Friday, April 8th
The Skills Commission held a parliamentary inquiry sessions in Birmingham (Friday, April 8th) to investigate how the City and West Midlands region can train world class technicians, crucial to reviving the region’s economy.
Chaired by Alison Halstead, Pro-Vice-Chancellor at Aston University, the inquiry examined the future of technician and higher level skills in Birmingham, hearing evidence from employers and educational specialists across the region.
Birmingham’s economic revival
The Skills Commission believes that to revive its economy, Birmingham needs to invest in training its workforce. Over the past three decades, the city’s economy has undergone a significant change, with the service sector replacing manufacturing as the principal source of employment; in 2009, only 9% of jobs in Birmingham were in the manufacturing sector1. MG Rover going into administration in 2005, and LDV in 2009 were examples of such decline.
Yet manufacturing is now, once more on the rise, with an increasing focus on high-technology production. Indeed, Birmingham City Council has developed a manufacturing strategy for the city, which envisions Birmingham as being a centre for manufacturing excellence by 2015. And the Government has made clear its ambition to create a more production-led economy; George Osborne mentioned the word “manufacturing” ten times in his budget address.
But to achieve this, Birmingham, along with the rest of the UK, needs individuals with the skills and capabilities to make goods, which in turn, will require more technical training and apprenticeships. Already the UK is lagging behind the rest of Europe, with only 3.7% of its workforce trained to technician level – compared to an EU average of 5.3%2. This is a trend Birmingham can’t afford to follow if it aspires to take advantage of new emerging markets and the job opportunities on offer.
Skills Commission Inquiry
The Skills Commission is bringing together employers and education and skills specialists from across the region, alongside representatives from the City Council, to address the needs of the employers, both here and across the UK.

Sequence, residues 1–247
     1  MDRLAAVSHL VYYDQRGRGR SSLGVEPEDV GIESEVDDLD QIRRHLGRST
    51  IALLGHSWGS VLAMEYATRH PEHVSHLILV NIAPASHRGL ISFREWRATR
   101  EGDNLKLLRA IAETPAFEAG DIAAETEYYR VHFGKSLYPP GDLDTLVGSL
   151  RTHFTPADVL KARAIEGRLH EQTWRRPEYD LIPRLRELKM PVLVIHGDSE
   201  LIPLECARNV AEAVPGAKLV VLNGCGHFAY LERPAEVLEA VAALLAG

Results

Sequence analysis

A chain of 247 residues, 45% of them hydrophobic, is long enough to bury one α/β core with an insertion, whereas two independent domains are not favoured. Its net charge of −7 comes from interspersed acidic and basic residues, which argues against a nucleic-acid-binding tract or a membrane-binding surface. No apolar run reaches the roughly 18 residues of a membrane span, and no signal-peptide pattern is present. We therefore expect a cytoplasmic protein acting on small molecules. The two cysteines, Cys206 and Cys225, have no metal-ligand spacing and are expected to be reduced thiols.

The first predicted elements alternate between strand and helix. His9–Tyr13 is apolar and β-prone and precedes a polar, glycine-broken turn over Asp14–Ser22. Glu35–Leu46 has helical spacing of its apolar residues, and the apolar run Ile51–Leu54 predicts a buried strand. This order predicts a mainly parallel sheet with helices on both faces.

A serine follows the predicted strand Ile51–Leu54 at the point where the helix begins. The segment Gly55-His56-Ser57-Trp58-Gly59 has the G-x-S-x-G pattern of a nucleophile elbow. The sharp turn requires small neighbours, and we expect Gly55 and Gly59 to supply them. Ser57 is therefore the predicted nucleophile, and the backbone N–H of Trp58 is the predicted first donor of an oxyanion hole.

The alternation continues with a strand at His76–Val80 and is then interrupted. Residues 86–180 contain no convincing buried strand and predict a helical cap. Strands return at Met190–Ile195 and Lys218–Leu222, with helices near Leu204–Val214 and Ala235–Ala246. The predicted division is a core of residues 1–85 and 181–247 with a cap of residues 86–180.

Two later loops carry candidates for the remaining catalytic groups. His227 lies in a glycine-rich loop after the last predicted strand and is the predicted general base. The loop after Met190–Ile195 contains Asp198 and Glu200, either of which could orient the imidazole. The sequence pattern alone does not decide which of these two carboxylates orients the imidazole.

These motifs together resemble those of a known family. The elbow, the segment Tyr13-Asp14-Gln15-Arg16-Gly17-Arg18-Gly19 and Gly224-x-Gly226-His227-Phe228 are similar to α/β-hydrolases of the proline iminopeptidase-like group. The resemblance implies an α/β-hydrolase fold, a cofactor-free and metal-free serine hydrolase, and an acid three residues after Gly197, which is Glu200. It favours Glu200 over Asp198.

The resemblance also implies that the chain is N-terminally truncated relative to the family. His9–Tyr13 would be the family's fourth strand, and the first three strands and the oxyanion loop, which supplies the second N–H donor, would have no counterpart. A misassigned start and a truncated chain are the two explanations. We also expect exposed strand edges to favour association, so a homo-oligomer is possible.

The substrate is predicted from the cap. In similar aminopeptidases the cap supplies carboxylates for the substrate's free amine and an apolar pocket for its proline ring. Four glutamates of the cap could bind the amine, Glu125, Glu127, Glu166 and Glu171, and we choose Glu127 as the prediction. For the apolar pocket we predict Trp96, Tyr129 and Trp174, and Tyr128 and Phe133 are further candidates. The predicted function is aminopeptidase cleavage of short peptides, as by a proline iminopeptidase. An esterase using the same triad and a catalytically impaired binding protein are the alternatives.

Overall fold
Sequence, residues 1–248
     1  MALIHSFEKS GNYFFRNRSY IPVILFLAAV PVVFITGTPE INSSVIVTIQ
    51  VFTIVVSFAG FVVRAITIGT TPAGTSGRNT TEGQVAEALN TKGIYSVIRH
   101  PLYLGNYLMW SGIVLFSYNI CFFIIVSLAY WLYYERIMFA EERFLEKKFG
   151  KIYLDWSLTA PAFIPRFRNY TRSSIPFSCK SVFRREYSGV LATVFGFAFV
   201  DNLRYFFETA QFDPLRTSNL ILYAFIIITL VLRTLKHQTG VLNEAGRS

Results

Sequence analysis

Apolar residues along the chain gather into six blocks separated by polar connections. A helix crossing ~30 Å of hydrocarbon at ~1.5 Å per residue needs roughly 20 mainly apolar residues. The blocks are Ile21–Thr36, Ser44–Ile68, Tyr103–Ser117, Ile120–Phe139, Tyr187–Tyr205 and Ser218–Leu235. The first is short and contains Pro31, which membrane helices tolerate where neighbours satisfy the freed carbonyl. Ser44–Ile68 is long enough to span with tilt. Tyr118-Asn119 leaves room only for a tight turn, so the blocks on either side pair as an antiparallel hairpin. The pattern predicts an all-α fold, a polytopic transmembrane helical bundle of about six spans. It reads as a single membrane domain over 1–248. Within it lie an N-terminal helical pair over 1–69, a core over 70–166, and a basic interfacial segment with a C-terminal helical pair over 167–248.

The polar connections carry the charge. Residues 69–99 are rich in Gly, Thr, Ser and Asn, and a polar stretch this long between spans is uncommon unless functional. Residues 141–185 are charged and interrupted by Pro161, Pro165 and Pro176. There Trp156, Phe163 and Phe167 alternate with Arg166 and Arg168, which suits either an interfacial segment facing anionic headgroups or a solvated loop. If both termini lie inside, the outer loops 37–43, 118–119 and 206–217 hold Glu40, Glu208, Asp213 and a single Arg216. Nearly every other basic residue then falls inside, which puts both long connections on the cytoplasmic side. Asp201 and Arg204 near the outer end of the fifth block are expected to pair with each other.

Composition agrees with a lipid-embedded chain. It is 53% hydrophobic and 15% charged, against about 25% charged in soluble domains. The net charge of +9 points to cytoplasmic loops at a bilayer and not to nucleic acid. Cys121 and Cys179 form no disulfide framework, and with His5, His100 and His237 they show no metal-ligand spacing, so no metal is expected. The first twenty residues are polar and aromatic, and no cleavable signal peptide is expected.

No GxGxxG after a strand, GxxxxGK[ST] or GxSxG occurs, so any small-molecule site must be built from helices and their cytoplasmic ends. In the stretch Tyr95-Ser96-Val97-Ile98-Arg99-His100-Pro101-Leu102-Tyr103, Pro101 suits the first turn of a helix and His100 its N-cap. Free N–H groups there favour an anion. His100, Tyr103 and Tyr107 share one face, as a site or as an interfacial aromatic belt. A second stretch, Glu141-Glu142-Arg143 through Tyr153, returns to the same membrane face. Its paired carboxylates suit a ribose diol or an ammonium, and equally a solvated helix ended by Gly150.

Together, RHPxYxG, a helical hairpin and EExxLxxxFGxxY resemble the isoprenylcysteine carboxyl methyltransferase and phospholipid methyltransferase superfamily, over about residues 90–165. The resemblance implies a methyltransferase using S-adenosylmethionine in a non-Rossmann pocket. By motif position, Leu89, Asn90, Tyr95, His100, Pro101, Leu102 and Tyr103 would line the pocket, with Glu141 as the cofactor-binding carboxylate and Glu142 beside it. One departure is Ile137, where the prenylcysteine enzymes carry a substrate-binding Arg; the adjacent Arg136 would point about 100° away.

Chaired by Professor Alison Halstead, the Aston University Pro-Vice-Chancellor was joined at the Midlands KPMG headquarters by speakers Brenda Sheils, Principal of Solihull College, and Patrick Highton, Director, Birmingham, Black Country and Solihull Lifelong Learning Network.
Professor Alison Halstead, Chair of the Skills Commission inquiry and Pro-Vice Chancellor at Aston University, said:
“The Government has recognised the importance of technical skills to growing the UK’s manufacturing and engineering industries. This timely inquiry will build on the recent Wolf report on 14-19 education by focusing on the next stage; technical vocational and professional skills for adults including apprenticeships and higher level education. The successful development of such technical skills is key to the growth of the West Midlands economy and I am particularly keen to ensure the voice of local employers and participants are heard.
‘To thrive in a current time of economic flux, Birmingham will need to address its skills gap; the Skills Commission’s inquiry will help kick-start this process.’
For more information, contact Rosie Shute, Communications Manager at the Skills Commission, tel: 0207 202 8587, email: firstname.lastname@example.org.
Notes to Editor